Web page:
Ripping infants out of the arms of their mothers excites Trump’s base. Some 46% of Republicans approve of the policy, according to an Ipsos poll done for the Daily Beast. And only 32% of Republicans disagree.

Trump’s base has been primed to believe that undocumented immigration into the United States is suddenly a huge crisis. It isn’t. More Mexican-Americans, for instance, leave annually than come in. There may have been a problem in the 1980s and 1990s. But not now. The reason we should not call the policy Zero Tolerance is that the Bush and Obama administrations deported some 400,000 persons a year. There was already zero tolerance. What changed was the charging of asylum seekers and economic migrants as criminals and the consequent removal of their children to concentration camps. His base will likely agree that the situation was created by the Democrats.

If Trump’s policy is overturned, he can use that action to expand his base, by playing the martyr to liberal perfidy. He can also accuse Democrats of letting criminal gangsters (never mind that they are two years old) into the country. Trump has drunk the Bannon Kool-aid.

So while it may be, as corporate media tells us, that only a third of Americans agree with the Family Separation Policy, that statistic is irrelevant. In a typical midterm, only about a third of the electorate comes out to vote. If 46% of Republicans come out, but, as in Ohio and elsewhere, democratic votes can be suppressed by purging the voting registration rolls, then Trump wins. After all, that is how he got into the White House in the first place.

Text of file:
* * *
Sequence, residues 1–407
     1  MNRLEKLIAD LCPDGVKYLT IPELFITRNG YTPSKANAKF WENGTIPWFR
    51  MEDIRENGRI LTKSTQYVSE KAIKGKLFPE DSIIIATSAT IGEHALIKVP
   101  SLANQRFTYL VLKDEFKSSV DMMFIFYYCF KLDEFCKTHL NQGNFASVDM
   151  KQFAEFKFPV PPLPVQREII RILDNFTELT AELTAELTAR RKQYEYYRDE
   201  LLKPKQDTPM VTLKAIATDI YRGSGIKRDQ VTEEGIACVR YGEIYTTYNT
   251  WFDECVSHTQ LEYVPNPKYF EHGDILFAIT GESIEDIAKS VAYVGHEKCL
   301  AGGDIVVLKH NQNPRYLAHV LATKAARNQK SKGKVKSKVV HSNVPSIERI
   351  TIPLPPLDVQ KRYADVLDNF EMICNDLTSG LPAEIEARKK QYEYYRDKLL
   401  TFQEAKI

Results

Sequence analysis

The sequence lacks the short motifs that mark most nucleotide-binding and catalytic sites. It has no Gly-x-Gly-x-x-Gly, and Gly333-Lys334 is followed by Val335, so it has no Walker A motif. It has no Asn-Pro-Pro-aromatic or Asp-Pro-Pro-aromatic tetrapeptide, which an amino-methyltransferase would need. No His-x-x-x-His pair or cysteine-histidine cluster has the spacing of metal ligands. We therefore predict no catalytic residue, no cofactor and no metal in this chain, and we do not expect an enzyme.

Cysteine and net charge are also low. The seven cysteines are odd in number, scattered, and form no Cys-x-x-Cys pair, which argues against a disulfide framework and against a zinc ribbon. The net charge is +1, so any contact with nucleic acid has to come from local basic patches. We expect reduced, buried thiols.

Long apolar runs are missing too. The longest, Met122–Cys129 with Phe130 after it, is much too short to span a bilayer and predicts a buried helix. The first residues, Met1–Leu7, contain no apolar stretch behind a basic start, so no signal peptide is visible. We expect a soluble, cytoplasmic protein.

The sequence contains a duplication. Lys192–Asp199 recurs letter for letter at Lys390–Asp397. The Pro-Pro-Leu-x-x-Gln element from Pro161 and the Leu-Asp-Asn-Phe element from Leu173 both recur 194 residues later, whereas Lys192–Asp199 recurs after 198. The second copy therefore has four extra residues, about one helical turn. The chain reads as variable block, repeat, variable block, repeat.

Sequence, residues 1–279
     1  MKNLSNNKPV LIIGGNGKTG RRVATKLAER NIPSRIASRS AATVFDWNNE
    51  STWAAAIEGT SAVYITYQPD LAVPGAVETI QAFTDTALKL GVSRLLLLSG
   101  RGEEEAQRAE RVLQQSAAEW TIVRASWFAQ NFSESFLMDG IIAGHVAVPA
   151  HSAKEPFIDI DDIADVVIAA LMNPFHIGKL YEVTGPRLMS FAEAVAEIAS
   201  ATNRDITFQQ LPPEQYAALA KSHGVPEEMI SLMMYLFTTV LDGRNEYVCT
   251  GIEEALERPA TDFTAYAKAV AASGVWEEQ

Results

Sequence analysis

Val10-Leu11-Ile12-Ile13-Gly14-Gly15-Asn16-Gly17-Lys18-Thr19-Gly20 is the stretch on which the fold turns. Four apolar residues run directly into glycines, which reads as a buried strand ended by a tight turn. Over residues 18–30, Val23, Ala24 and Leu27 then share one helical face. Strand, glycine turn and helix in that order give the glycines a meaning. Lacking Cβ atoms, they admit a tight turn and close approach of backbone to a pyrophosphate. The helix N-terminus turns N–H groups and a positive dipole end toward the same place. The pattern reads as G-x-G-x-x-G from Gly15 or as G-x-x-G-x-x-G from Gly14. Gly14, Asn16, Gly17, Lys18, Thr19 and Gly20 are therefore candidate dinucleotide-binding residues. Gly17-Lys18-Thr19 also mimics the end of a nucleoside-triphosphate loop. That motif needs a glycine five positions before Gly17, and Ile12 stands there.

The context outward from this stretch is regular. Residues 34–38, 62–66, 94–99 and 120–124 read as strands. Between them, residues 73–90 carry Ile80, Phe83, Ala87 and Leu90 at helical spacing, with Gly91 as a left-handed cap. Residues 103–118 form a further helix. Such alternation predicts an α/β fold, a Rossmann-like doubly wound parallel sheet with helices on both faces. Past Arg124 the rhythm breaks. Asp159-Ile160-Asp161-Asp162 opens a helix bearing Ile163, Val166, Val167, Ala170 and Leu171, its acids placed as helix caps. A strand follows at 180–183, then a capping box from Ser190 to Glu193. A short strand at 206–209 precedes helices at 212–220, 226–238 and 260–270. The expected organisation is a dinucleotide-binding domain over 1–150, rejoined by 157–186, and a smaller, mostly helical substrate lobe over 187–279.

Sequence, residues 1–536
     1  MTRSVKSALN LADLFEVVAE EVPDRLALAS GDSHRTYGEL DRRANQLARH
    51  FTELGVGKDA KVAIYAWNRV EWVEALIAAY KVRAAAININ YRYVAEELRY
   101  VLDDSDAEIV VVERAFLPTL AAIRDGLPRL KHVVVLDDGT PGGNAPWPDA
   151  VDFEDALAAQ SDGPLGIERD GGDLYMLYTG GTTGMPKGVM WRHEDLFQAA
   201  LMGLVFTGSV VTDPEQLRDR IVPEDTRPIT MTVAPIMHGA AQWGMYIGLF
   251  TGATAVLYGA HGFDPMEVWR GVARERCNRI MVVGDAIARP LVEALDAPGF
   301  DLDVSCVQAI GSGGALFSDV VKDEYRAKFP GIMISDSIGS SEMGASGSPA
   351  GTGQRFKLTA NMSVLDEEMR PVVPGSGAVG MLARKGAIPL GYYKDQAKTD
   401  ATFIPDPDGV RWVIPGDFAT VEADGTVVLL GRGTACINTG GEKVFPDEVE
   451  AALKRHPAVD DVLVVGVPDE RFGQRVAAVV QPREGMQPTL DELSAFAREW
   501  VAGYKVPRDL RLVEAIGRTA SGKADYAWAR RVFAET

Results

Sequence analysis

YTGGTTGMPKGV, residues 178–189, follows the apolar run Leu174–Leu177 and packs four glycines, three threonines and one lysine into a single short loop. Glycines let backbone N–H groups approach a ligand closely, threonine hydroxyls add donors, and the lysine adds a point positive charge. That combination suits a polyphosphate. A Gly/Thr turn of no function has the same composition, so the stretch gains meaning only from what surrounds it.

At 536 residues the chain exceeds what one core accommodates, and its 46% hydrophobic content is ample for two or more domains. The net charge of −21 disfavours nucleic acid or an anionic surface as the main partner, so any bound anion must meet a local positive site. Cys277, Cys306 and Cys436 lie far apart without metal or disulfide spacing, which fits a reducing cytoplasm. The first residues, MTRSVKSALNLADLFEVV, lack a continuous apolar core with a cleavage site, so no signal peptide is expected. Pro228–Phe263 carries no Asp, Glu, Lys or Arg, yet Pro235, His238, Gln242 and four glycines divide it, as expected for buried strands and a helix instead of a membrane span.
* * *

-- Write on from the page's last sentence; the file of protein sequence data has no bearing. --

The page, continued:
Trump’s base comprises Evangelicals and others who often have an authoritarian mindset, who will likely believe his lie that Family Separation is a Democratic project, and based on Democratic legislation.

Trump’s base comprises Evangelicals and others who often have an authoritarian mindset, who will likely believe his lie that Family Separation is a Democratic project, and based on Democratic legislation. Fox will help spread this monstrous falsehood. Nothing in the law requires Trump to prosecute refugees who seek asylum in the US for criminal misdemeanors (which triggers the family separation, since children are not allowed to accompany parents into a Federal penitentiary.)

So far from fretting or regretting, Trump is using the immigration issue to whip up sentiment in his base, in hopes that it will turn into a strong showing in the midterms and allow Trump to keep control of Congress.

You might say, America is better than this.

And I will say, the proof is in the pudding.

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Juan Cole

Juan Cole

Juan Cole teaches Middle Eastern and South Asian history at the University of Michigan. His new book, The New Arabs: How the Millennial Generation Is Changing the Middle East (Simon and Schuster), will officially be published July 1st. He is also the author of Engaging the Muslim World and Napoleon's Egypt: Invading the Middle East (both Palgrave Macmillan). He has appeared widely on television, radio and on op-ed pages as a commentator on Middle East affairs, and has a regular column at Salon.com. He has written, edited, or translated 14 books and has authored 60 journal articles. His weblog on the contemporary Middle East is Informed Comment.